(TNS) SOUTH LAKE TAHOE, Calif. — President Joe Biden declared an emergency in California that will allow federal assistance for the Caldor fire, which has burned hundreds of structures and continues moving toward Nevada.

The fire barreled toward Lake Tahoe for several days amid heavy winds. But that threat became one of many as the fire moved in other directions, including north toward Wrights Lake and Desolation Wilderness and south toward Kirkwood. Officials say it remains highly dangerous, and thousands of weary firefighters are battling it on several fronts.

Crews may get a break Thursday as red flag conditions are expected to abate, according to incident meteorologist Jim Dudley. However, dry conditions and low humidity will remain persistent problems.

The fire roared to more than 200,000 acres Wednesday but stayed mostly clear of the resort town as crews scrambled to keep it east of Pioneer Trail. Firefighters also managed to protect many of the homes in Christmas Valley and Meyers, both within the Tahoe Basin.

By Thursday morning, it had reached 210,259 acres and was 25% contained.

Officials confirmed some damage on the outskirts of the Sierra-at-Tahoe ski resort late Wednesday, according to Assistant Chief Jamie Moore, a Los Angeles firefighter working as part of the state’s interagency effort on the Caldor fire.

“They did lose some outbuildings, but the main lodge was not damaged,” Moore said. Active structure defense is ongoing in Twin Bridges and Strawberry.

As of Thursday morning, 622 homes and 12 commercial properties had been destroyed by the fire, officials said. More than 32,000 structures remained threatened. Tens of thousands of people had been forced from their homes.

Among the evacuees at the Reno-Sparks Convention Center on Thursday was Paul Brooks, 64, of Roseville.

Brooks said he left his home near Sacramento due to wildfire smoke and rented a hotel room in South Lake Tahoe, where he figured the air was cleaner. Four days later, he was forced to evacuate.

Inside the convention center, he said he’s seen people break down. Some get frustrated because they want to return home.

“But they can’t because of the situation,” he said. “People are becoming stir crazy, so I try to keep a positive attitude.”

Brooks considers himself an environmentalist and said he believes that disasters such as damaging fires and floods will persist if people don’t start taking better care of their surroundings.

“On the East Coast, it will be ‘row, row your boat’ and on the West, ‘the roof, the roof is on fire,’” he said.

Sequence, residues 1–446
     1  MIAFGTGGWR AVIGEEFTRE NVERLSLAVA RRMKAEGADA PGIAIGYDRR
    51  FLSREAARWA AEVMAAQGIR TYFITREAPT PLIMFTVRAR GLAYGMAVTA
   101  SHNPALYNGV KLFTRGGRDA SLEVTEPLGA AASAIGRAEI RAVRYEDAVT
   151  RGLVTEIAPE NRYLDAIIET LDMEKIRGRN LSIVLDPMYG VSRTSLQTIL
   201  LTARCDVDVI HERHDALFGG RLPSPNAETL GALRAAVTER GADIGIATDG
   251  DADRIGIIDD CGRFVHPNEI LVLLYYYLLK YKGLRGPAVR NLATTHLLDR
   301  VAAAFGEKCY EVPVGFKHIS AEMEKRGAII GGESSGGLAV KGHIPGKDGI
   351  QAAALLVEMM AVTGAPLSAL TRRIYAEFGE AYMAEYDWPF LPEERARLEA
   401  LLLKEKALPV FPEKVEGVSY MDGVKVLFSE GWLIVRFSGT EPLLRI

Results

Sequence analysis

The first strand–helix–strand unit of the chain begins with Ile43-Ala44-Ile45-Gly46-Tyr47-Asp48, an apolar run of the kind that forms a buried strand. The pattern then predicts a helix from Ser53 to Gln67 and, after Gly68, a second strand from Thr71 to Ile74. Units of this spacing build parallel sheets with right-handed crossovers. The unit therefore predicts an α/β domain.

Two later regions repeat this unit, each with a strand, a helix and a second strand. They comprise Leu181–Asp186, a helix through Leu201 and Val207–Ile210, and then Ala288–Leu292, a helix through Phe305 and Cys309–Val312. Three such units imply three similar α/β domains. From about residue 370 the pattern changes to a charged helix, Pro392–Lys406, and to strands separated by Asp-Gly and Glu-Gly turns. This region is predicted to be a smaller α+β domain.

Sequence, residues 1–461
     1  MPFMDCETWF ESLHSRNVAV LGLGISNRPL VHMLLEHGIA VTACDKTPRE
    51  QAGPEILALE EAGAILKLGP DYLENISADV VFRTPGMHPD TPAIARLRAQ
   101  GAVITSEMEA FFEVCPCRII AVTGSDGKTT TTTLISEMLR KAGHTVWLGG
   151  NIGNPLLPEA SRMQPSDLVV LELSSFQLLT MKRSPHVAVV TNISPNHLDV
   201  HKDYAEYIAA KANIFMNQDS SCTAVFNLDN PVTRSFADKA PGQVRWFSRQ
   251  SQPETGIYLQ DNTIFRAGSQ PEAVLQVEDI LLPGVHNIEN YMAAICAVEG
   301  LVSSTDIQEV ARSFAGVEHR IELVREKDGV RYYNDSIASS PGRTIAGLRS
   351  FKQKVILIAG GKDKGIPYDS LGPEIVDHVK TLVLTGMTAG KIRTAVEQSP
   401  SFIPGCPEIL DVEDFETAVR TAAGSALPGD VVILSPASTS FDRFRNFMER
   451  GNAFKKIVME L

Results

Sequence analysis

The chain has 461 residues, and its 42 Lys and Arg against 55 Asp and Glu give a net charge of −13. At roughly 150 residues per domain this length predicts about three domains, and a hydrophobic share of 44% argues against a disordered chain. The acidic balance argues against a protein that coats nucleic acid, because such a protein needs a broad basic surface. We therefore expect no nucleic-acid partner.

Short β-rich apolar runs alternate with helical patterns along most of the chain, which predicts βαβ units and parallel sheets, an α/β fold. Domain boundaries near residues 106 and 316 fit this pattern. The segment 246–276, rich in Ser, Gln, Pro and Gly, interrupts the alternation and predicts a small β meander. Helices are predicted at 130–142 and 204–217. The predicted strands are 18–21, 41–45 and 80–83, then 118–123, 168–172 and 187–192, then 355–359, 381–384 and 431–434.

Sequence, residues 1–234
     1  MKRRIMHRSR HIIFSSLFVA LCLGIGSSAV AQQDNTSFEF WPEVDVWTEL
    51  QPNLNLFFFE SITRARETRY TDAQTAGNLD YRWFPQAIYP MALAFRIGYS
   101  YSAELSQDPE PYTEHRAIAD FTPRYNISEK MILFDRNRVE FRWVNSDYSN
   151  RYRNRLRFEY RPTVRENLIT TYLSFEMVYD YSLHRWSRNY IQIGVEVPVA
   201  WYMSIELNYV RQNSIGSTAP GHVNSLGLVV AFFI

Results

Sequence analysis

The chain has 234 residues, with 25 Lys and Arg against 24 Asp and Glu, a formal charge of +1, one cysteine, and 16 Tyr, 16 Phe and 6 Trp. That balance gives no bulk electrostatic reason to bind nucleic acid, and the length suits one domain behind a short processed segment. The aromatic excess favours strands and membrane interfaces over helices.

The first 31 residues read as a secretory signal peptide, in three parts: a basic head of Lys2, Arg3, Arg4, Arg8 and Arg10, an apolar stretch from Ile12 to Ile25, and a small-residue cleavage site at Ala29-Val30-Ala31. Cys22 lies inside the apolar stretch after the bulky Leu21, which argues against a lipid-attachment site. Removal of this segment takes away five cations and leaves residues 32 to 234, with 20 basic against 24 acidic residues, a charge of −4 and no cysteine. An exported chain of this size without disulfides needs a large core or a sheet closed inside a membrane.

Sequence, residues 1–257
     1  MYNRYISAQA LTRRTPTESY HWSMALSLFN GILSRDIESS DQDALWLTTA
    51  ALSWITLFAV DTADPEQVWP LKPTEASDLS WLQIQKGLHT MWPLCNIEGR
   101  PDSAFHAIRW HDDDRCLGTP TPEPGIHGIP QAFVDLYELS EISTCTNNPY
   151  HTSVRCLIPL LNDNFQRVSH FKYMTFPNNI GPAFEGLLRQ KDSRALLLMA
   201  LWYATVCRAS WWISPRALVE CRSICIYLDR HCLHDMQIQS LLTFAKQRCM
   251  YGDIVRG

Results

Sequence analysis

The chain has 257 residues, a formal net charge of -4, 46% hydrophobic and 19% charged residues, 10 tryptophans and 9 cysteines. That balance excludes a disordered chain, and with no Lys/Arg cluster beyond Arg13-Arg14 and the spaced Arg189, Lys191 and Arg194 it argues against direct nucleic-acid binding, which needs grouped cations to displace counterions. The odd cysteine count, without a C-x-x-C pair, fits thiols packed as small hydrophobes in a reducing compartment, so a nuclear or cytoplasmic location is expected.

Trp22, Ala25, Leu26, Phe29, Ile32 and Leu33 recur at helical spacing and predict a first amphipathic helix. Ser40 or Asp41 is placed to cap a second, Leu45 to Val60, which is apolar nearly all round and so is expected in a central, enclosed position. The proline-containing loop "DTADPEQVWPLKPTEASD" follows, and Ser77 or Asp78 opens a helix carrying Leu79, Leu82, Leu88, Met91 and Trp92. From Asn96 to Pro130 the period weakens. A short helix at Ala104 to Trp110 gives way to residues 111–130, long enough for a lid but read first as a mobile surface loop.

The fire’s eastern flank remains a top concern, even with a reduction in wind conditions, according to officials.

“This is where we have a lot of focus,” said Beale Monday, a spokesman with the California Department of Forestry and Fore Protection, or Cal Fire. “All of our resource focus on this side is all broken up into structure protection, and trying to skirt that fire away from the valuables at risk and the communities down here.”

Monday said crews were laying bulldozer lines on the east side of Pioneer Trail and on the west side of Truckee Drive in an effort to keep flames away from South Lake Tahoe. Crews were also removing brush and debris from the side of the highways in the event that they have to ignite a backfire, he said.

Officials were considering opportunities to build a “catcher’s mitt” beyond the immediate fire lines and into Nevada to stop the fire’s march east, he said.

At Heavenly ski resort straddling the state border, containment lines made with bulldozers appeared to be keeping the fire at bay. However, on the northern side of the wildfire, flames remained active near the picturesque Desolation Wilderness and Wrights Lake.

To the south, plumes of smoke rose behind Kirkwood Mountain ski resort as officials used snow spreaders to wet down the area. Fire engines were parked throughout the community, poised to defend dozens of homes as well as resort property.

As of Wednesday night, the fire was about five miles from the state line, Moore said.

“I’d be surprised if it doesn’t make it to Nevada in the next day or so,” said Craig Clements, a professor of meteorology and director of the Wildfire Interdisciplinary Research Center at San Jose State University.

Clements’ team used dynamic computer modeling to forecast the fire’s likely behavior. The model initially showed the fire reaching Nevada late Wednesday night or early Thursday, he said, but was later amended to reflect slowing spread.

“This is a difficult fire to forecast,” Clements said, noting that it is burning in complex terrain with very dry vegetation. “But our model shows it’s going to keep going east.”

Fire behavior analyst Steven Volmer said, given the hot, dry conditions in the area, the probability of an errant ember sparking a new fire remained high.

“The terrain-driven winds are going to be what’s forcing the fire spread today,” he said Thursday morning.

Biden’s declaration allows for federal agencies to provide relief measures in areas hit hard by the fires.